Schools in China ordered to remove toxic running tracks | world-news | Hindustan Times
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Schools in China ordered to remove toxic running tracks

Schools across China have been ordered to remove running tracks made from toxic materials that have been blamed for sickening students, in the latest in a long line of product scandals blamed on corruption and weak oversight.

world Updated: Jun 23, 2016 15:19 IST
Tracks made from recycled tires and other industrial waste are believed to have caused dizzyness, nosebleeds and respiratory problems among students in Beijing and several outlying provinces.
Tracks made from recycled tires and other industrial waste are believed to have caused dizzyness, nosebleeds and respiratory problems among students in Beijing and several outlying provinces.(Reuters)

Schools across China have been ordered to remove running tracks made from toxic materials that have been blamed for sickening students, in the latest in a long line of product scandals blamed on corruption and weak oversight.

A statement on the Education Ministry’s website said nationwide inspections by environmental and consumer protection departments have been ordered over the summer school break.

Investigations will also be conducted into officials and others found to have been negligent or corrupt. Those found guilty will be punished severely “with no mercy given,” the statement said.

Tracks made from recycled tires and other industrial waste are believed to have caused dizzyness, nosebleeds and respiratory problems among students in Beijing and several outlying provinces.

Factories Closed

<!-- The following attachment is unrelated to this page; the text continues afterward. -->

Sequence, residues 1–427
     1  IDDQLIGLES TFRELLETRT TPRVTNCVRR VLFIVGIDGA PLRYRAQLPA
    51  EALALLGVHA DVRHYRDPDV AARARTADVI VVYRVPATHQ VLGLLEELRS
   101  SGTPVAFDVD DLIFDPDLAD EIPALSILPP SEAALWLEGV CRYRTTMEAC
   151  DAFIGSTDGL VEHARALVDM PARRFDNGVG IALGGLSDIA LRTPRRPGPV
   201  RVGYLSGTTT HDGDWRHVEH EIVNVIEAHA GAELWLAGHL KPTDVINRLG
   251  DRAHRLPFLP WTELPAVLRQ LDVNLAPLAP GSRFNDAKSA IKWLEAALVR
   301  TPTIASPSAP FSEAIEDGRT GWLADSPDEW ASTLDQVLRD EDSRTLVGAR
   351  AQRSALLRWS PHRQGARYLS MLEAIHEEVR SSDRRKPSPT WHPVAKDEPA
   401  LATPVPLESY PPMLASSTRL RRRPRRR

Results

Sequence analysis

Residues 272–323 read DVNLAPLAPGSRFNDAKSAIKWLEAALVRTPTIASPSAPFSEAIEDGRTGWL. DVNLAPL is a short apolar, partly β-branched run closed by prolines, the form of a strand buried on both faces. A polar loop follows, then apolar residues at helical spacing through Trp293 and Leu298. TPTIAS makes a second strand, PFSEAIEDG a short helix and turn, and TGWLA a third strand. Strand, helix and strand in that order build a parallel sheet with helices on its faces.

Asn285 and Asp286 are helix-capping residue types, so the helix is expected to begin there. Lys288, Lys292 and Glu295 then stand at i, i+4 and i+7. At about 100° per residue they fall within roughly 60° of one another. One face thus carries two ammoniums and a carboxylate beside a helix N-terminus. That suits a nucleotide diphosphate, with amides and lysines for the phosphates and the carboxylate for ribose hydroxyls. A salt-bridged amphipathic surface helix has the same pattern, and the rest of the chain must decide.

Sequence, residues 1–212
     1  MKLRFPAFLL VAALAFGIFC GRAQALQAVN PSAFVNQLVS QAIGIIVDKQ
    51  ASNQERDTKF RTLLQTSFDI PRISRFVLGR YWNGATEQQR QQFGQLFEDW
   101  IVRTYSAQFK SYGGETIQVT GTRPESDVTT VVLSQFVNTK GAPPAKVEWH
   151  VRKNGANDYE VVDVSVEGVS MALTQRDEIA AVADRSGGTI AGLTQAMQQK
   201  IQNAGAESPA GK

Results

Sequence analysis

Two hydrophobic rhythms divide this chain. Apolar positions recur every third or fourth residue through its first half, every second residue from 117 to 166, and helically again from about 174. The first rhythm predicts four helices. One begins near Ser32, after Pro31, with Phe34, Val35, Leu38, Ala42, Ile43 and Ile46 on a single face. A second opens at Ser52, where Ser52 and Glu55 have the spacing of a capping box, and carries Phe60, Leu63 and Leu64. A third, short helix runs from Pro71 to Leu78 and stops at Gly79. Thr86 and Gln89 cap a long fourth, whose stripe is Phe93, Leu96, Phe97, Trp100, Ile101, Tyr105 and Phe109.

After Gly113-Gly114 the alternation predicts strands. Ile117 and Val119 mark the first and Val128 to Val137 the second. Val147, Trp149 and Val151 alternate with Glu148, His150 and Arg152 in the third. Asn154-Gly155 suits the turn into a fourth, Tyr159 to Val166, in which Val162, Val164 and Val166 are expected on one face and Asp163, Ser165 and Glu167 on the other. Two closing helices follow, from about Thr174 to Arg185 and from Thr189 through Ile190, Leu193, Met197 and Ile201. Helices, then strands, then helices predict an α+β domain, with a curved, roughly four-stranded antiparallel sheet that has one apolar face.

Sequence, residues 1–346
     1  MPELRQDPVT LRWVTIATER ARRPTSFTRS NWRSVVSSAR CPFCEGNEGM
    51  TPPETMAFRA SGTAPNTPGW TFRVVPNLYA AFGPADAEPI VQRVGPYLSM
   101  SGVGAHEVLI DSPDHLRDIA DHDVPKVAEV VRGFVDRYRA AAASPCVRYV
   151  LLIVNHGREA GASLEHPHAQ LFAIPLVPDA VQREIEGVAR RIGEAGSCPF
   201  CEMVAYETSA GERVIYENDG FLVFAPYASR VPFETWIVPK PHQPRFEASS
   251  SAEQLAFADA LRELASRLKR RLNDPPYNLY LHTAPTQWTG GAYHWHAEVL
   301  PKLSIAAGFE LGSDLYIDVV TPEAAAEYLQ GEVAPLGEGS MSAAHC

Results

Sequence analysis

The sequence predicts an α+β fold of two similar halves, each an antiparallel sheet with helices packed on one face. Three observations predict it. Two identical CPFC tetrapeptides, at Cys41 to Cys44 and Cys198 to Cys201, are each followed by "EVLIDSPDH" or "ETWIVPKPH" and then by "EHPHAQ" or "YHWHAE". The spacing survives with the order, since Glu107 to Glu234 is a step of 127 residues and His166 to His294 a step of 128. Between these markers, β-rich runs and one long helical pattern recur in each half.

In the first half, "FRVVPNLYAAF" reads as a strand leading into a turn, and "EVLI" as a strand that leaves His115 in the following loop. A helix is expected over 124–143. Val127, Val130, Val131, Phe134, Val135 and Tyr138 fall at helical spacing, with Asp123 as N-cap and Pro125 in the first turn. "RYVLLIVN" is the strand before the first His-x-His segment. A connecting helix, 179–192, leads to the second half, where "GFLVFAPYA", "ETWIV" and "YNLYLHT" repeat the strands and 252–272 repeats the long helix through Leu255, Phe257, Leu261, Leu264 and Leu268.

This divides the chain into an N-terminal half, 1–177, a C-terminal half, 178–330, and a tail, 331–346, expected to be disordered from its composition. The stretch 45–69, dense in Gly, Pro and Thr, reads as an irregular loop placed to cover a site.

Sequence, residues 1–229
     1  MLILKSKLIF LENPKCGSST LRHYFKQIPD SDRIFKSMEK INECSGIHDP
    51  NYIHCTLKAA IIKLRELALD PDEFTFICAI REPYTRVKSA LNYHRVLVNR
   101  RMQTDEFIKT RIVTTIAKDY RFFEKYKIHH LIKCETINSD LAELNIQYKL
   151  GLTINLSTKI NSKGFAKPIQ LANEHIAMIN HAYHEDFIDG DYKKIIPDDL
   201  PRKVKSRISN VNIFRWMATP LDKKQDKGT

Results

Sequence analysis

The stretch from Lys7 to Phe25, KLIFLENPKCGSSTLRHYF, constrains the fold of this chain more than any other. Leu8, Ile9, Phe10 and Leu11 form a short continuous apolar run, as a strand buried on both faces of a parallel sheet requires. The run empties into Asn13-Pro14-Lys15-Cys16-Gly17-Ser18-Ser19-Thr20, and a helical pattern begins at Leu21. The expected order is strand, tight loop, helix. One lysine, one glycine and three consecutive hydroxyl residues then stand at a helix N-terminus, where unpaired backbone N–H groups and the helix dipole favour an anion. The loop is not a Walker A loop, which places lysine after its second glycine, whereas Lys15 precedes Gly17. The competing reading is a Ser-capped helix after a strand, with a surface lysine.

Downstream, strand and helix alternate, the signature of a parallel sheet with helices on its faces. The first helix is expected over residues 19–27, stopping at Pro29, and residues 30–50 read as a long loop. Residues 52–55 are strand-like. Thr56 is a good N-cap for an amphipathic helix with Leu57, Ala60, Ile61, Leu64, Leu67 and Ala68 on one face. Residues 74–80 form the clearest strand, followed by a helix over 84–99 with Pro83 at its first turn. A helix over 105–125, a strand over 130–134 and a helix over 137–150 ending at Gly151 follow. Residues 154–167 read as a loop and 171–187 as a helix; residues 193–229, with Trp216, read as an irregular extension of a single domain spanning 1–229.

Chinese authorities have shut down nine factories and detained some executives after reports that toxic industrial waste was used to make running tracks widely used at schools, official media said Thursday.

Parents of pupils at an elite elementary school in Beijing protested this month saying that their children suffered from nose bleeds and allergic reactions after using running tracks, the latest health scare in a country where safety standards are frequently compromised for profits.

China has suffered recurrent consumer safety scandals over recent years, prompting public outrage and driving a market for imported baby formula, cosmetics and other products.

School safety has also been an issue, with badly designed buildings leading to crushing incidents. State broadcaster CCTV also recently reported an outbreak of health problems among students at a high school campus in the eastern province of Zhejiang, possibly linked to polluted soil, although local authorities said inspections turned up no environmental problems.

The Cangzhou government set up an investigation team and local authorities have shut down nine plants, sealing their machines, materials and semi-finished products and putting “related personnel” in custody, said hebnews.cn, the Hebei provincial government’s news portal, on Thursday.